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https://www.readbyqxmd.com/read/28339772/heterologous-desensitization-of-cardiac-%C3%AE-adrenergic-signal-via-hormone-induced-%C3%AE-ar-arrestin-pde4-complexes
#1
Qian Shi, Minghui Li, Delphine Mika, Qin Fu, Sungjin Kim, Jason Phan, Ao Shen, Gregoire Vandecasteele, Yang K Xiang
Aims: Cardiac β-adrenergic receptor (βAR) signaling is susceptible to heterologous desensitization by different neurohormonal stimuli in clinical conditions associated with heart failure. We aim to examine the underlying mechanism of cross talk between βARs and a set of G-protein coupled receptors (GPCRs) activated by hormones/agonists. Methods and results: Rat ventricular cardiomyocytes were used to determine heterologous phosphorylation of βARs under a series of GPCR agonists...
February 21, 2017: Cardiovascular Research
https://www.readbyqxmd.com/read/28338294/paradoxical-gain-of-function-mutant-of-the-g-protein-coupled-receptor-prokr2-promotes-early-puberty
#2
Maki Fukami, Erina Suzuki, Yoko Izumi, Tomohiro Torii, Satoshi Narumi, Maki Igarashi, Mami Miyado, Momori Katsumi, Yasuko Fujisawa, Kazuhiko Nakabayashi, Kenichiro Hata, Akihiro Umezawa, Yoichi Matsubara, Junji Yamauchi, Tsutomu Ogata
The human genome encodes ~750 G-protein-coupled receptors (GPCRs), including prokineticin receptor 2 (PROKR2) involved in the regulation of sexual maturation. Previously reported pathogenic gain-of-function mutations of GPCR genes invariably encoded aberrant receptors with excessive signal transduction activity. Although in vitro assays demonstrated that an artificially created inactive mutant of PROKR2 exerted paradoxical gain-of-function effects when co-transfected with wild-type proteins, such a phenomenon has not been observed in vivo...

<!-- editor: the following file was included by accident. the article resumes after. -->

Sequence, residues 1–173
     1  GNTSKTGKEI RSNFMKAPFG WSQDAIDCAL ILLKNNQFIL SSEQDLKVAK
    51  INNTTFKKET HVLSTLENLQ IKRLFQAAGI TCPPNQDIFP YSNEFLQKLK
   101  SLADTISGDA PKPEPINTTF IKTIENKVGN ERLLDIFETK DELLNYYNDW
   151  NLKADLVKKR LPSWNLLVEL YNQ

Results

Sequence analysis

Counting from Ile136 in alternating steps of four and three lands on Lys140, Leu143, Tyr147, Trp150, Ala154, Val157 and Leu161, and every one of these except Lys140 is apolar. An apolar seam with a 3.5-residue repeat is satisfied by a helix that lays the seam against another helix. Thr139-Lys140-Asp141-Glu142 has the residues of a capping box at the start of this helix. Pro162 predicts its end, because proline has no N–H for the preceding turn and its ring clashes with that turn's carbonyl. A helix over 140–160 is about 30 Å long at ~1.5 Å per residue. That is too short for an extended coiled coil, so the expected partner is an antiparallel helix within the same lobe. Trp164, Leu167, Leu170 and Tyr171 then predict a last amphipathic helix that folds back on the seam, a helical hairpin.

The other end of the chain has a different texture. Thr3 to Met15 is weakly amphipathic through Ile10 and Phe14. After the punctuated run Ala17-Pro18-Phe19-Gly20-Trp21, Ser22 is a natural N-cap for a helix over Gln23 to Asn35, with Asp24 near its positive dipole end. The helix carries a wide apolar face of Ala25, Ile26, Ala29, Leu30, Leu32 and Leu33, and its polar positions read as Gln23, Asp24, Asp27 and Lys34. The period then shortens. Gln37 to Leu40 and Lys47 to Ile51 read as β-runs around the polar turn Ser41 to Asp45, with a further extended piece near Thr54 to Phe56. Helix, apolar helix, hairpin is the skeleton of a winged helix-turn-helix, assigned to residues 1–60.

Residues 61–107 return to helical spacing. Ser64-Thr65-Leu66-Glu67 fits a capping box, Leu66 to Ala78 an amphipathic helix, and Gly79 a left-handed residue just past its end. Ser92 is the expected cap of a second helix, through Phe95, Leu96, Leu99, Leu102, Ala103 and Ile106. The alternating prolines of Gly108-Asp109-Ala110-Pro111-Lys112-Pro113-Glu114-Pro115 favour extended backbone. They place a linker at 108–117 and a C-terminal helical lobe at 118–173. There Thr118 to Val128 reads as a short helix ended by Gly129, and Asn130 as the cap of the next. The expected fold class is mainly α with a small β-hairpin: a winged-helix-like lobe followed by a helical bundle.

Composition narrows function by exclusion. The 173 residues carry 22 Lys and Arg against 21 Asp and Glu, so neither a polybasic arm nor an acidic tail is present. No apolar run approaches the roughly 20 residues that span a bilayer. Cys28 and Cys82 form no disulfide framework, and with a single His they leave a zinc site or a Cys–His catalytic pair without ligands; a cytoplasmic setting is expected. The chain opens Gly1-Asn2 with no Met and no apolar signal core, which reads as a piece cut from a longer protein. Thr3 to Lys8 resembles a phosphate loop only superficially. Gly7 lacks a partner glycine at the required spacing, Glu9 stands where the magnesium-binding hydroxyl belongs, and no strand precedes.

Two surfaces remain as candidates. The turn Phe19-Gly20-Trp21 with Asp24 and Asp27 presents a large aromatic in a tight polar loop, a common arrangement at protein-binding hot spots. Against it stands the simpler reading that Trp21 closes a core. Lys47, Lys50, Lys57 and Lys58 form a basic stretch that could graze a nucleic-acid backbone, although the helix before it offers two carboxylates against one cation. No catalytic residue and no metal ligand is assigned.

March 24, 2017: Journal of Cellular and Molecular Medicine
https://www.readbyqxmd.com/read/28337029/the-impact-of-protein-quantity-during-energy-restriction-on-genome-wide-gene-expression-analysis-in-adipose-tissue-of-obese-humans
#3
I P G Van Bussel, E M P Backx, C P G M De Groot, M Tieland, M Müller, L A Afman
BACKGROUND: Overweight and obesity is a growing health problem worldwide. The most effective strategy to reduce weight is energy restriction (ER). ER has been shown to be beneficial in disease prevention and it reduces chronic inflammation. Recent studies suggest that reducing the protein quantity of a diet contributes to the beneficial effects by ER. The organ most extensively affected during ER is white adipose tissue (WAT). OBJECTIVE: The first objective was to assess changes in gene expression between a high protein diet and a normal protein diet during ER...
March 24, 2017: International Journal of Obesity: Journal of the International Association for the Study of Obesity
https://www.readbyqxmd.com/read/28328746/cross-talk-between-insulin-signaling-and-gpcrs
#4
Qin Fu, Qian Shi, Toni M West, Yang K Xiang
Diabetes is a major risk factor for the development of heart failure. One of the hallmarks of diabetes is insulin resistance associated with hyperinsulinemia. The literature shows that insulin and adrenergic signaling is intimately linked to each other; however, whether and how insulin may modulate cardiac adrenergic signaling and cardiac function remains unknown. Notably, recent studies have revealed that insulin receptor and β2 adrenergic receptor (β2AR) forms a membrane complex in animal hearts, bringing together the direct contact between two receptor signaling systems, and forming an integrated and dynamic network...
March 17, 2017: Journal of Cardiovascular Pharmacology
https://www.readbyqxmd.com/read/28328745/gpcr-signaling-via-%C3%AE-arrestin-dependent-mechanisms
#5
Pierre-Yves Jean-Charles, Suneet Kaur, Sudha K Shenoy